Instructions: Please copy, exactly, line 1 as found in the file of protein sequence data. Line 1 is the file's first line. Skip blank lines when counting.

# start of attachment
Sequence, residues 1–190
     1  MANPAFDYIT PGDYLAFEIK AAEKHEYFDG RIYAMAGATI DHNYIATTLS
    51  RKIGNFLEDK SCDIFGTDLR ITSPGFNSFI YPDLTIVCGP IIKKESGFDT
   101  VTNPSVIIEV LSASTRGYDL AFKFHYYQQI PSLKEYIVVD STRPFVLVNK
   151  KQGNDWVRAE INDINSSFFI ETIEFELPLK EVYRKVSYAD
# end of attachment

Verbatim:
Sequence, residues 1–190